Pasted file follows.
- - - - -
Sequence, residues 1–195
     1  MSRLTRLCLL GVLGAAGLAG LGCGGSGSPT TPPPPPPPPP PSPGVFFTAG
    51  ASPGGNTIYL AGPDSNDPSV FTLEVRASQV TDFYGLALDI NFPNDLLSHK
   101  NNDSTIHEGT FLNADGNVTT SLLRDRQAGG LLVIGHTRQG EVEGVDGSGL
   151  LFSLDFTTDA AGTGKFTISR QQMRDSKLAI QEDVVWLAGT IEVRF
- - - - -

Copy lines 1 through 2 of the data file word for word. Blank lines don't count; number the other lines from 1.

Sequence, residues 1–195
     1  MSRLTRLCLL GVLGAAGLAG LGCGGSGSPT TPPPPPPPPP PSPGVFFTAG